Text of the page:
Having been in power for so long, Nazarbayev’s decision to resign is genuinely the end of an era.
Astonishingly, around half the population has never known any other leader. Students graduating from university and college in the Nazarbayev era have grown up in a markedly different environment from their parents – and even from their Central Asian neighbours, where the hallmarks of the Soviet higher education system are still readily apparent.
Higher education in Kazakhstan under Nazarbayev has not been reformed so radically that we can say it is totally different today. Many faculty with Soviet-era education and work experience are deeply unhappy about recent policies requiring them to publish a certain number of articles (including in English).
There is a sense in society that the quality of higher education is not what it used to be. Practices and ideas in higher education from the Soviet period still exist; corruption remains persistent and access to a degree can still be bought.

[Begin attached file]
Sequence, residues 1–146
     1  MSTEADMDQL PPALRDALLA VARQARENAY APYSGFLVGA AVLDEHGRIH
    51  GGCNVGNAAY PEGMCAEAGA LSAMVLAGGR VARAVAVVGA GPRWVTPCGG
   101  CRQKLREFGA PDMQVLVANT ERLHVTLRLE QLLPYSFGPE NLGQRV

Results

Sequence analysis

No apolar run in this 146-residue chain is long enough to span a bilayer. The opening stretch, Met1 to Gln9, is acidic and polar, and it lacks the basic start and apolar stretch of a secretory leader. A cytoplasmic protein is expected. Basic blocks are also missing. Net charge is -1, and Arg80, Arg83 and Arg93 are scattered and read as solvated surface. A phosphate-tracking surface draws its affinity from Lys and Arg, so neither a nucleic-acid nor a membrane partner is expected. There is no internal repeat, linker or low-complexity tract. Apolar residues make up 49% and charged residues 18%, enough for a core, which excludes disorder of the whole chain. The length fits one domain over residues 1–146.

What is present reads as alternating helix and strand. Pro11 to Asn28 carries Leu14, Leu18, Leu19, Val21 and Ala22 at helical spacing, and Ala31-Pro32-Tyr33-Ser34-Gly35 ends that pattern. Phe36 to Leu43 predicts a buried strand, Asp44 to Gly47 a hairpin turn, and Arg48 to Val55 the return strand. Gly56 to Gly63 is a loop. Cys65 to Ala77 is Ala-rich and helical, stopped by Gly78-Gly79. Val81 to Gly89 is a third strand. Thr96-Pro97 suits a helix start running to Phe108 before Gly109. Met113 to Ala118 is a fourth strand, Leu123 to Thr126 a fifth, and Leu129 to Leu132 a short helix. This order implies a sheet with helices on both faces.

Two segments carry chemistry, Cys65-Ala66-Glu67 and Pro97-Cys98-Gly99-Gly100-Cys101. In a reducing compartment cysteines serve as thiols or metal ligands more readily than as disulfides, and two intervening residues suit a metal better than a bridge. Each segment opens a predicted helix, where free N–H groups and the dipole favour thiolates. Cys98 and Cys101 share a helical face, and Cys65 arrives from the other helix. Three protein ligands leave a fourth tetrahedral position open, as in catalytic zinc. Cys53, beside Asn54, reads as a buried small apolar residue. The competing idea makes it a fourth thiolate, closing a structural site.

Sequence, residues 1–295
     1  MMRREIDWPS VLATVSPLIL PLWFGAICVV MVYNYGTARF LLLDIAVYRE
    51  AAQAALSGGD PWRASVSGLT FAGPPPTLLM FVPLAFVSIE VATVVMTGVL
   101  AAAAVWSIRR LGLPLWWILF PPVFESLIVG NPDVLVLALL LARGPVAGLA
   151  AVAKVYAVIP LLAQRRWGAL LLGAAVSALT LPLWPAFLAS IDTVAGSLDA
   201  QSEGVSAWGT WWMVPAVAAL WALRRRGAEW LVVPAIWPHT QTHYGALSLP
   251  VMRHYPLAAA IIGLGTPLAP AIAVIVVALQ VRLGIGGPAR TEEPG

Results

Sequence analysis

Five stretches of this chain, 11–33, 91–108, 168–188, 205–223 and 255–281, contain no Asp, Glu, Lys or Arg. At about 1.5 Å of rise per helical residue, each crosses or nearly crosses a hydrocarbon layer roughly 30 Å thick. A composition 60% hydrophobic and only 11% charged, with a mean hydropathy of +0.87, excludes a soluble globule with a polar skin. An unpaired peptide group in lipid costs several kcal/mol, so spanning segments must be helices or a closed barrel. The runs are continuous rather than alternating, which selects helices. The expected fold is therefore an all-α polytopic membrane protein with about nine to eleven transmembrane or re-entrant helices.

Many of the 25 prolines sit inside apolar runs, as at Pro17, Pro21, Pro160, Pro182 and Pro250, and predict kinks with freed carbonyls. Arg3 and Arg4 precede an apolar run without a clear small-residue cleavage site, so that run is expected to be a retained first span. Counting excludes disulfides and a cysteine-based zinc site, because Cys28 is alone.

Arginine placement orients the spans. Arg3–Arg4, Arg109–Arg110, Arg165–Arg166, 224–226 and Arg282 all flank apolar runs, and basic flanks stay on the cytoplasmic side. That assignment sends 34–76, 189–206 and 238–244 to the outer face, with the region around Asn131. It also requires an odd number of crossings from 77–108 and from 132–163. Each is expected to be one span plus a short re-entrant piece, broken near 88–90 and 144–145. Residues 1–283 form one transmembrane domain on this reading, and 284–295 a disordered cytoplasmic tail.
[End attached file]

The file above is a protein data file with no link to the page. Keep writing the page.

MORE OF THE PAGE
Yet for all that remains or is seen critically in Kazakhstan’s higher education, there is no question that Nazarbayev has had a significant impact on the form and direction of the sector.
I think it highly likely that whoever takes over from him in elections scheduled for 2020 will not – as has been the case in neighbouring Uzbekistan after the death of the Soviet-era president in 2016 – make significant changes to higher education.
The policies introduced in the Nazarbayev era will continue to shape higher education in Kazakhstan well into the future.
Emma Sabzalieva is a PhD candidate and Vanier Canada Graduate Scholar at the Centre for the Study of Canadian and International Higher Education, University of Toronto, Canada. She researches the politics and history of higher education, and social change in Central Asia. Her blog on education and society in Central Asia is at emmasabzalieva.com